Alex Tanguay on his time playing with the ‘ultra-competitive’ Jarome Iginla

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The type of passes didn’t matter. They could have been hard to the tape or maybe a little off the tape, but Jarome Iginla would make sure that the pucks coming off of Alex Tanguay’s stick would find a way to the net. Many, many times those pucks would find their way into the net. Such was the life of playing alongside a forward who would finish his career with 625 goals.

“The shooting ability was second to none,” Tanguay told Pro Hockey Talk recently. “When you go from thinking about how he was able to one-time the puck, there’s very few people that can shoot the puck like Jarome Iginla does. You think of [Alex] Ovechkin, you think of [Steven] Stamkos, you think of guys like that as far as ability to shoot — that’s when I look at Jarome. 

“I remember how hard and where I was passing the puck, no guys would be able to do that. He was truly had a knack for scoring that way. I used to pass it as hard as I could and I knew that he was going to find a way to get it on net and get it hard on net and get in a position where the goalie would not be there. I used to pass it a little on his front foot or make a bad pass on the back foot, and he would still find a way to get it on net. He had very, very unique abilities and we were a good complement in the fact that I was more of a playmaker, more of a passer.”

After joining the Calgary Flames before the 2006-07 NHL season, Tanguay found himself playing with Iginla. The playmaker and the goal scorer. It would come as no surprise that the two clicked well on a line together, with Iginla scoring 39 times and hitting the 90-point total for the second time in his career. Tanguay would reach the 20-goal mark for the fourth straight season and also record career highs with 59 assists and 81 points.

Tanguay, who’s now an analyst on NHL Network, would spend one more season in Calgary before returning for the start of the 2010-11 campaign. That would be the second of five straight playoff-less springs for the Flames. And as the lockout-shortened 2013 season began and success didn’t arrive, it was time for the team to head in a different direction.

[Jarome Iginla retires from the NHL]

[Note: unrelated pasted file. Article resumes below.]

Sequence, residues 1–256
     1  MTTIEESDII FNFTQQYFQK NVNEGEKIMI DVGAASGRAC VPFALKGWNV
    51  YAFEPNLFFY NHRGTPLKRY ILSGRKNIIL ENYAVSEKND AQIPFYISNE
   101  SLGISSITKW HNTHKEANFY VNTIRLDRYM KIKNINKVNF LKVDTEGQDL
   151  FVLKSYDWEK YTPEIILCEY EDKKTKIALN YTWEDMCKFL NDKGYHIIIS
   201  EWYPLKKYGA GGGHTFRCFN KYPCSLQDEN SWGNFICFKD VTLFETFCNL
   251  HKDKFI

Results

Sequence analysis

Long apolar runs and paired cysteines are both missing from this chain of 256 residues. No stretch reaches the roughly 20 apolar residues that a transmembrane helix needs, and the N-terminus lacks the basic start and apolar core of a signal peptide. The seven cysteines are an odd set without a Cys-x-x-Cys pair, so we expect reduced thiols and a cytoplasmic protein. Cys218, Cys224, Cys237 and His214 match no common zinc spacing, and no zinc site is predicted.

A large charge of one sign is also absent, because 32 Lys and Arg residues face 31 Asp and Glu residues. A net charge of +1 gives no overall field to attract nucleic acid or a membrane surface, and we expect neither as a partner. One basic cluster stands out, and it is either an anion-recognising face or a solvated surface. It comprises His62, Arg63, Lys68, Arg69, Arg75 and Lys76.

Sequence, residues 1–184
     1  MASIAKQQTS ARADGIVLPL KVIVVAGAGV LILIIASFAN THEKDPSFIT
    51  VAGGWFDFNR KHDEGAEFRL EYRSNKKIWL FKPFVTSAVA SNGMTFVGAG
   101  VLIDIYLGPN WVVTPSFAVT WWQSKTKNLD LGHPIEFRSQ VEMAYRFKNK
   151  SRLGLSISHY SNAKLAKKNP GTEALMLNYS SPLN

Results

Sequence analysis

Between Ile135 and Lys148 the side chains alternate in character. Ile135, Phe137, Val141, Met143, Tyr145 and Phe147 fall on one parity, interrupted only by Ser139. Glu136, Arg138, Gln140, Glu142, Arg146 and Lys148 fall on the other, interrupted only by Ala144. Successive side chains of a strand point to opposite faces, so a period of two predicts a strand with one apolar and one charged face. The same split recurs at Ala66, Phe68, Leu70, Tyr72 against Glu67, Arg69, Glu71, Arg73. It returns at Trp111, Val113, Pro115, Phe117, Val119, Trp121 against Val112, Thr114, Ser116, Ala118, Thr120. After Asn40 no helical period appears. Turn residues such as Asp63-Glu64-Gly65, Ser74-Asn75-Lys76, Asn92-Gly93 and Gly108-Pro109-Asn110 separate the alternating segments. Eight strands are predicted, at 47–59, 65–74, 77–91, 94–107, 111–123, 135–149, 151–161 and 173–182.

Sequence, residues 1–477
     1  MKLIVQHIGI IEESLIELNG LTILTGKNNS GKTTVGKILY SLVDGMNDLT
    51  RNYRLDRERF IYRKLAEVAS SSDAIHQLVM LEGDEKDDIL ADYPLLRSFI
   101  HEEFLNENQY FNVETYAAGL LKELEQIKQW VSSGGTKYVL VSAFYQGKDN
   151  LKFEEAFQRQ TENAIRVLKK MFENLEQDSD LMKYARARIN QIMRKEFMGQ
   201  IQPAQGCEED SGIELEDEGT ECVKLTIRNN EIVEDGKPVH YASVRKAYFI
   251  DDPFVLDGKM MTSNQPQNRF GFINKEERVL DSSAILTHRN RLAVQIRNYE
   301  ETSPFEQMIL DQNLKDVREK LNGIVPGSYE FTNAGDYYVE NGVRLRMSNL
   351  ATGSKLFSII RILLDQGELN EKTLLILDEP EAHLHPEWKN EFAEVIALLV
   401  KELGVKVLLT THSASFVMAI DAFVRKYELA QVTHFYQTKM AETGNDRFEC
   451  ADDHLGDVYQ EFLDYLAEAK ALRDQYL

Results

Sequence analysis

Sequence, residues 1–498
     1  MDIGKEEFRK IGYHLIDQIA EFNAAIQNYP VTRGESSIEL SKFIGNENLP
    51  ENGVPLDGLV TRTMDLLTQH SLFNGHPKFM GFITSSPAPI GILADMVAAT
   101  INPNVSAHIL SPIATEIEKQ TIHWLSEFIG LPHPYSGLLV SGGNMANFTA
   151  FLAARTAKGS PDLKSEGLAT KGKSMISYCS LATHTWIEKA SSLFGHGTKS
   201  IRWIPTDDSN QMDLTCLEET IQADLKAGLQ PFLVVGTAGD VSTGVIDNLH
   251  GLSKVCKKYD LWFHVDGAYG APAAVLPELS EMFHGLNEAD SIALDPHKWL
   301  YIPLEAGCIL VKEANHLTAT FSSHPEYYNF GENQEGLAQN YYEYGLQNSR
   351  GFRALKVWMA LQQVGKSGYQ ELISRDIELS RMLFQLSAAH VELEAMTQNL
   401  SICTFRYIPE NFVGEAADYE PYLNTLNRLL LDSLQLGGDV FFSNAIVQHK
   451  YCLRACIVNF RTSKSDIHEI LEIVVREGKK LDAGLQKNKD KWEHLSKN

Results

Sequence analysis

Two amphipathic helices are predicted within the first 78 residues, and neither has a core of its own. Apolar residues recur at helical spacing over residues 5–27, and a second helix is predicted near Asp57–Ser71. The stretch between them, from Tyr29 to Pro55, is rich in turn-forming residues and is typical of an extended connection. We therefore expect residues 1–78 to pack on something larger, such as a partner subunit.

That direction meant trading their captain and heart and soul in Iginla. The split was inevitable, but it was difficult. He had been woven into the fabric of the city, set down roots there and had grown up there following the trade from Dallas when he was 18 years old.

“Most Calgary Flames fans would have like to seen him a Flame for his whole career but it just didn’t work out that way,” Tanguay said. “The team was going in a different direction at the time. They were going to go younger. They were going to make some changes to draft some of the core players that they have now. To get that and to start doing that, they traded [Jay] Bouwmeester, they traded Jarome, they traded assets to get more value to rebuild.

“But it was sad. As a friend, I was sad to see Jarome go, for sure.”

The topic of Iginla’s eventual departure wasn’t a huge one topic inside the Flames’ dressing room. It would come up, but most of the conversations between the players were about their families and other things happening in their lives. 

“It was probably more in his mind than the rest of us,” said Tanguay. “Most athletes go through situations like that and he handled it like a true professional and true gentleman.”

When Iginla was finally traded in late March to the Pittsburgh Penguins, the void inside the room was noticeable. The Flames would finish near the bottom of the Pacific Division and Western Conference as a new era dawned. The star attraction was gone.

“For superstars like this, the rupture is always a little bit harder,” said Tanguay. “Everything they mean in the city for the organization, for the fans… those are guys that sell your seats because, let’s be honest, most people don’t go pay to see the guys at the bottom of the lineup — they go to see the superstars. They’re the ones that sell the jerseys. They’re the ones that your fans want to see first and foremost and certainly Jarome was that for the better part [16] years in Calgary.”

Iginla and Tanguay wouldn’t be separated for long. Knowing how well they performed together in Calgary, Patrick Roy and Joe Sakic had Tanguay sell Iginla on coming to join the Colorado Avalanche. It worked, and a three-year deal was hammered out ahead of the 2014-15 season.

Despite being apart for a season-and-a-half, the chemistry still was present when Iginla and Tanguay hopped over the boards together. They knew how to work together and often times there wasn’t a need to communicate while on the ice. Each player knew where the other would be and they excelled with Iginla scoring 29 goals and Tanguay hitting 20 goals and recording 55 points, his best totals in four seasons.